Most of my students are also very ‘keen’ and ‘determined to do well’, but they haven’t had the abilities or the opportunities to do anything with that determination. Take this example from an entrance essay: “If you’re going to school, that’s good, now you have to find a job. Those are the words that my probation officer said to me.” Just how is the Stanford study supposed to relate to him? When was he able to learn to ‘adjust his language accordingly’?
Or here’s an example of a different problem: “I wish I had the facility of words that the clever people possess to explain the importance or disadvantage of using cell phones to the people.” No matter how ‘keen’ or ‘determined’ this student is, will she ever reach the level at which Professor Lunsford’s students even start? Is she underestimating her intelligence or is her limit simply far below that of the average Stanford student? And if so, how can she “just know” when to use different styles of writing?
The students who have the opportunity to attend – and stay long enough to graduate from – an Ivy League school will continue to have an advantage, not only during their college career, but most likely before they even think about where to go to college. They may be the vanguard in defending the current standards of writing, and if so, then Professor Lunsford’s findings are encouraging. So far, that elite vanguard is holding steady.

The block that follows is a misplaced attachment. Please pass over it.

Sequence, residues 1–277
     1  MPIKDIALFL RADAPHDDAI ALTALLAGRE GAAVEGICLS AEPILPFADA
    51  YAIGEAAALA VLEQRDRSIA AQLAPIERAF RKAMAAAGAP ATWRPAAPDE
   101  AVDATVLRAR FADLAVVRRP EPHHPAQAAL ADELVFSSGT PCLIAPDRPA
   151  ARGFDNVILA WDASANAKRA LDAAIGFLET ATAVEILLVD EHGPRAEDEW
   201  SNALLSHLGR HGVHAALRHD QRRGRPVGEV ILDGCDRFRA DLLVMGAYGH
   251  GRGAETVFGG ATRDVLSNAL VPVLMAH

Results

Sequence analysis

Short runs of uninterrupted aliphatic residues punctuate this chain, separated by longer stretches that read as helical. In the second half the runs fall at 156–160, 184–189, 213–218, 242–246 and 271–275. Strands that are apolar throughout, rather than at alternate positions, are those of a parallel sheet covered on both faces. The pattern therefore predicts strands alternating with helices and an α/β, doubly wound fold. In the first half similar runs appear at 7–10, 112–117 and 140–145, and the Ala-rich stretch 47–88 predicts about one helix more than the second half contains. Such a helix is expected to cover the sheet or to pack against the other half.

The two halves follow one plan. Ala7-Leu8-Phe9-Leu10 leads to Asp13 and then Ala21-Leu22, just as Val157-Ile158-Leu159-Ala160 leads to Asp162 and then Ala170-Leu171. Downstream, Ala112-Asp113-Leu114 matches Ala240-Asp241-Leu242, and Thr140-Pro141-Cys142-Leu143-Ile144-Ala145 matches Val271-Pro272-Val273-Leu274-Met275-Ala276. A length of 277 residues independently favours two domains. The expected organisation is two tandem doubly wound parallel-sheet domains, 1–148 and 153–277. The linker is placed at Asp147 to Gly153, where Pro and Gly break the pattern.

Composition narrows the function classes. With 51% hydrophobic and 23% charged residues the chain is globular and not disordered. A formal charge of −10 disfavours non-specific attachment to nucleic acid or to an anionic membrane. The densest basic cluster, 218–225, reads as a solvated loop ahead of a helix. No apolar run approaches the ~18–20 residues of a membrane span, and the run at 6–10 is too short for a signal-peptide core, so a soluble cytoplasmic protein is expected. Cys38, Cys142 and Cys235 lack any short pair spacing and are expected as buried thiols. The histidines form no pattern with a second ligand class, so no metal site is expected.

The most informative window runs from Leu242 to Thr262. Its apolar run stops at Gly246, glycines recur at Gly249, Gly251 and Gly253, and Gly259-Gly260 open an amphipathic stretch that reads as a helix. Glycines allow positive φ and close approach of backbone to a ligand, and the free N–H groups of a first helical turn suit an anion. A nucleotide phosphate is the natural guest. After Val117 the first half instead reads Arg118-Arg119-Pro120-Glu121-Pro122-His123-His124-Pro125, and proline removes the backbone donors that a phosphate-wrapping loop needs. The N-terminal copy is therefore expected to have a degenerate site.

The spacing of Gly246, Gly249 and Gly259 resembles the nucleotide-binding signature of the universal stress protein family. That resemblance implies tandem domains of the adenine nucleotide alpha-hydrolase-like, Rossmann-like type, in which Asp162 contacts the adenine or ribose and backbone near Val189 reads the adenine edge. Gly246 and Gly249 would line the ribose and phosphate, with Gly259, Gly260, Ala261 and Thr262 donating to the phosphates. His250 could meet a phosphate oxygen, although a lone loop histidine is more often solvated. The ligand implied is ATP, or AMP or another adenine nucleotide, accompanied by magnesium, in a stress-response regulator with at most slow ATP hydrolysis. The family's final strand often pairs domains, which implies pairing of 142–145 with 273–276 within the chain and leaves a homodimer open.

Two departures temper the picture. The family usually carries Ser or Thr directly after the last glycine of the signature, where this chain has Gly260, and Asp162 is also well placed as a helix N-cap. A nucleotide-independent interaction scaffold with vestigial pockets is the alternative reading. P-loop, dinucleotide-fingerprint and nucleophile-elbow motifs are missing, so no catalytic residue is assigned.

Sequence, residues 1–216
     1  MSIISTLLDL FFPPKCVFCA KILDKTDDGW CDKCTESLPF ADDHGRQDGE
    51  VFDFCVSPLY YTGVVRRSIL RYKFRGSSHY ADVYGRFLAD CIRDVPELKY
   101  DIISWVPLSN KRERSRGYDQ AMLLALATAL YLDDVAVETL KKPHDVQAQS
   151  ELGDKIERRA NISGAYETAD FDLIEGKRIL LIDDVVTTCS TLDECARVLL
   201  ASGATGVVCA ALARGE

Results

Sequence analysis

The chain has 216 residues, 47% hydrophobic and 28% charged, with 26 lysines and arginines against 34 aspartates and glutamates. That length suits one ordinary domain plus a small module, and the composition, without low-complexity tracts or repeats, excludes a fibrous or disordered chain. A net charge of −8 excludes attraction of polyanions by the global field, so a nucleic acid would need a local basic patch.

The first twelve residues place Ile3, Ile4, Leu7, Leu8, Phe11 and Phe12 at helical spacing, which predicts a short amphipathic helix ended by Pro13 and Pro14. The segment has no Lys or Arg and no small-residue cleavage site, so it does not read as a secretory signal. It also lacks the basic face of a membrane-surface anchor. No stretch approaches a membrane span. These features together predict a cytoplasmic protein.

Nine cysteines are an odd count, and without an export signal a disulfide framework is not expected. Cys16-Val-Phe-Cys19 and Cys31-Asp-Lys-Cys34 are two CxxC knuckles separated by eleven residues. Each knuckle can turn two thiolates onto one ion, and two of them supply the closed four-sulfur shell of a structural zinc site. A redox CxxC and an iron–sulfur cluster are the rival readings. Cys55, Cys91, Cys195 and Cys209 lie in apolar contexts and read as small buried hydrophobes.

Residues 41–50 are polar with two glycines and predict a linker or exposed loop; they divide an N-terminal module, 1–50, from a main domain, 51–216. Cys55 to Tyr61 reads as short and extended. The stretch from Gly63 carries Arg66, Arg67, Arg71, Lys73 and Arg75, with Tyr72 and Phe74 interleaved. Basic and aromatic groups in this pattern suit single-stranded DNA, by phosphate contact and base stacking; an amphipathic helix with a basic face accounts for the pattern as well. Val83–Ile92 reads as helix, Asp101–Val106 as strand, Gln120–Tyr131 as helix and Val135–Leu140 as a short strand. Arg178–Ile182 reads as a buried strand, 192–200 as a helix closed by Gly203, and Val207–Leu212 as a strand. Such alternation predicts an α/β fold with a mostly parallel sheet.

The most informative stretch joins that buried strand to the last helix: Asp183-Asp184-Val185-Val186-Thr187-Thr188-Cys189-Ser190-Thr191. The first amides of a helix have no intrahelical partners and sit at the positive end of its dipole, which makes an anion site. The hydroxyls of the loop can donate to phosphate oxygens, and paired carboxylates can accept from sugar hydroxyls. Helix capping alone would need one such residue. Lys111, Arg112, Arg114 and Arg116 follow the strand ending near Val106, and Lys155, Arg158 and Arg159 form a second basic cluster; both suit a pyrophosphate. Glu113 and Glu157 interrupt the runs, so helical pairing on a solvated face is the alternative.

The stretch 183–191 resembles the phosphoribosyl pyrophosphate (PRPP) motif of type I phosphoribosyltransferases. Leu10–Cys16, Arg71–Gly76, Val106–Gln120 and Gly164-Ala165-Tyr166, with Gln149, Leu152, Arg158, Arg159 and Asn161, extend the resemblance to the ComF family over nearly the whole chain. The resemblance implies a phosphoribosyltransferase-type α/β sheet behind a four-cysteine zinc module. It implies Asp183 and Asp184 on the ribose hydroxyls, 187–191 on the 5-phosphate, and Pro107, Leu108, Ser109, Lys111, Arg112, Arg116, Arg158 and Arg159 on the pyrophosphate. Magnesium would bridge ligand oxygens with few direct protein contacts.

However, it may not be enough to stem the tide of changes that are afoot in the less privileged academic arenas. These are the students who may not be intelligent enough to recognize that their language skills aren’t up to the standards being held by schools. Perhaps they were not lucky enough even to have been exposed to “proper” English. Perhaps they have been exposed but don’t understand how to even discern which context calls for which type of writing.
And maybe, just maybe, they haven’t been taught this because increasingly, their teachers are blurring the lines too much themselves, and aren’t able to guide their students. How are students supposed to learn that forms of writing appropriate for texts or tweets do not belong in an essay if their teachers never call them on this behavior?
So if Lunsford’s students at Stanford are too elite of a population to generalize, and my students are possibly too small of a percentage at the other end of the scale, where does the middle fall? Will the top-of-the-food-chain Ivy Leaguers be able to uphold standards and prevent a decline in language skills? Or will there be change from the bottom up, coming from people for whom contextual lines are not so distinct, and who get most of their reading input and writing practice from their cell phones?
Who really has the stronger influence on the language?